I’m not in the UK 

    #51989
    Avatar photoMr. Average
    Participant

    Aha! Don’t know why I assumed?

    Still the US has low or no tariffs with a lot of countries, except those we’re embargoing. Which are more than you might think! And federalism being what it is, trade law can get pretty complex over here so maybe people are just planning for the worst case scenario.

    #51991
    Avatar photoAngel Barracks
    Moderator

    Here is a UK form:

    #51998
    Avatar photoRhoderic
    Member

    Aha! Don’t know why I assumed? Still the US has low or no tariffs with a lot of countries, except those we’re embargoing. Which are more than you might think! And federalism being what it is, trade law can get pretty complex over here so maybe people are just planning for the worst case scenario.

    Hmm. I’m not really sure what “tariffs” are defined as, technically, but here in Sweden, when ordering from outside the EU there’s customs duties and then there’s Value Added Tax (and customs handling fees on top of those). I don’t have to pay customs duties for orders below 1500 kronor (or “crowns” to use the common unofficial translation of our currency) which presently is approximately $165, £130 or €150. But I’m still supposed to pay VAT (via customs) for all orders. I say “supposed” because, as mentioned earlier, they tend to simply not bother with parcels of a relatively low value.

    VAT for all items excepting comestibles and printed materials is 25% (to put that into perspective, I believe it’s 20% in the UK although the nature of the exceptions may be different). Customs duties for “toys”, in the case of goods valued at 1500 crowns or more, is 4.7%. As for customs handling fees, IIRC the last few times I was hit with them they were somewhere around 100 crowns.

    So if for instance I was to order $200 worth of Heavy Gear Blitz miniatures (a useful example because I do play/collect HGB, the figures come with hefty price tags, and Dream Pod 9 have always had immense difficulty establishing a UK/Europe market presence so I tend to have to order my HGB stuff from America), I’d really end up paying something like $275 for them, not counting shipping and the potential extra VAT and customs duties for that. Counting shipping with the concomitant extra charges it should come to around $300-325.

    I must admit to being shamefully ignorant as to what effect, if any, TTIP and CETA might have on all this if they come to fruition.

    #52008
    Avatar photoPatG
    Participant

    Looking quickly at the Canadian side, it appears that the declaration should only be for the contents and not the postage.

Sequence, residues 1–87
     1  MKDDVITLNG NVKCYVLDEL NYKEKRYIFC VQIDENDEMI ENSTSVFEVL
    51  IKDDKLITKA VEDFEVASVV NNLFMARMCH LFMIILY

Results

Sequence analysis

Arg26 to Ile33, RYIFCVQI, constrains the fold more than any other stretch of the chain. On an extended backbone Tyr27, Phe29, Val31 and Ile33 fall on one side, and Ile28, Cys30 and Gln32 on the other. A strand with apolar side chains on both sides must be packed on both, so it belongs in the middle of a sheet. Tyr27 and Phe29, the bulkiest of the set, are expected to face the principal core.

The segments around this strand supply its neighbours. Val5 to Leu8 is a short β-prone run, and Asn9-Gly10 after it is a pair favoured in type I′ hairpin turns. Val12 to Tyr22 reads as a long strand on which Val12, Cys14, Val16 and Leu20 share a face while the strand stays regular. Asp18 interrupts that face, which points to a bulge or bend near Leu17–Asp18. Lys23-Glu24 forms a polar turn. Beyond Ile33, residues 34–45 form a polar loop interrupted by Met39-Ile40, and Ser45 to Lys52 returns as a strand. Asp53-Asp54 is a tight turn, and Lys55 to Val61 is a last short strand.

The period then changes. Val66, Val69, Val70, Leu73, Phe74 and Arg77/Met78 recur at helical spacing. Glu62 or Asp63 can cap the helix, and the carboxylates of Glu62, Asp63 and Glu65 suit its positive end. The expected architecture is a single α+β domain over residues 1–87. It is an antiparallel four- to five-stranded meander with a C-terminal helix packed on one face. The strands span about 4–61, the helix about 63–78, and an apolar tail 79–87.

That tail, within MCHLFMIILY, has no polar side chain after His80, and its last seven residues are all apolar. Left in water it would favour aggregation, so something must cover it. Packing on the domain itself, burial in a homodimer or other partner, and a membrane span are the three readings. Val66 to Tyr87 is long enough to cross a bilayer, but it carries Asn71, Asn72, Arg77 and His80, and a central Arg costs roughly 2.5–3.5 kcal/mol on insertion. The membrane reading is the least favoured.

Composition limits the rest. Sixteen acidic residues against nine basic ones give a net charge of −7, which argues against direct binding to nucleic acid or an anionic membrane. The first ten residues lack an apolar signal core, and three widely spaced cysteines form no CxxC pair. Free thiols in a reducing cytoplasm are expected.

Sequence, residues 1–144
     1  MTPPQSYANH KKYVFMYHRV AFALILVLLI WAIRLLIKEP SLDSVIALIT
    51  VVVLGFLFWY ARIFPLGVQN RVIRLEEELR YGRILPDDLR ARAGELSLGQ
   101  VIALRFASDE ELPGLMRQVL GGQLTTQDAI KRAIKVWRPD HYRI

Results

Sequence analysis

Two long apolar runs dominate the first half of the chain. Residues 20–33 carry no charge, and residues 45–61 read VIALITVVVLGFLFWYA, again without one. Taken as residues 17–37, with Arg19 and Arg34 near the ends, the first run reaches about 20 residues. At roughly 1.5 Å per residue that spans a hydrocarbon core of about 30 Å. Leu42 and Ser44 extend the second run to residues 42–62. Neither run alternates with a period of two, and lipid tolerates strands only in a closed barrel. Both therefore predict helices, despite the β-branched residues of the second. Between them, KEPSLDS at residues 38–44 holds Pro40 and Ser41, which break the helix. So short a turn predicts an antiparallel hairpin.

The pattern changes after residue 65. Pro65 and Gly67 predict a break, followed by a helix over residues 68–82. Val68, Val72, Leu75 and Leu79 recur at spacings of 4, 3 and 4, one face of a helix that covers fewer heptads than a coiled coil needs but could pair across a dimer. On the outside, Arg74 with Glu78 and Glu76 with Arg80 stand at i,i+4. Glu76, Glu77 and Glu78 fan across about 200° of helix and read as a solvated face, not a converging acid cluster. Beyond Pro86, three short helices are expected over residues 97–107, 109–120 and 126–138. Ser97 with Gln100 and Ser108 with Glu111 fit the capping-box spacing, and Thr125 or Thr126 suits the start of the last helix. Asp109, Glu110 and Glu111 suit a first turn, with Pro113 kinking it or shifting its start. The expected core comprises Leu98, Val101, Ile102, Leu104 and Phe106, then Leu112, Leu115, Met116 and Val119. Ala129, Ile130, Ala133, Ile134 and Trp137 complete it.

However, it rapidly gets very complicated. For example, looking at send toys (among a great many more things) to Norway, shippers are advised to consult with Norwegian customs officials before sending anything to ensure they are not restricted or prohibited.

    I can see a small vendor wanting to go through all the hassle of working through the maze of regulations. I would just ask them to ensure that the customs declaration is for the contents only and not the shipping and explain why. I suspect they simply don’t know or haven’t thought of it before.

    From personal experience, I received a package of used miniatures from the US – with whom we have a Free Trade Agreement and one wold think much reduced tariffs. UPS (the pirates in brown) decided to act as my customs agent and charge me $40 for the privilege – the minis were worth $75. And – I had to drive to their office during office hours on a weekday to pick them up.

    As it turns out I took the time to dig through the regulations and used toys carry an import duty of 0%. So I said no thanks UPS I will not accept the package. UPS went back to the shipper and demanded $75 to ship them back + US customs broker fees on top of the original shipping charge. Note that at this time, the package is still technically in a bonded warehouse, so hasn’t entered Canada and so there is no need to re-import it back to the states. Canada Post only charges $10, understands the tariff rates and generally ignores anything under a couple of hundred bucks – it’s not cost effective to collect.

    I fought UPS and got the charges waived but never will I use them again or buy from anyone who only ships UPS.

    #52057
    Avatar photoBandit
    Participant

    We (The Wargaming Company, LLC) routinely ships internationally from the United States to: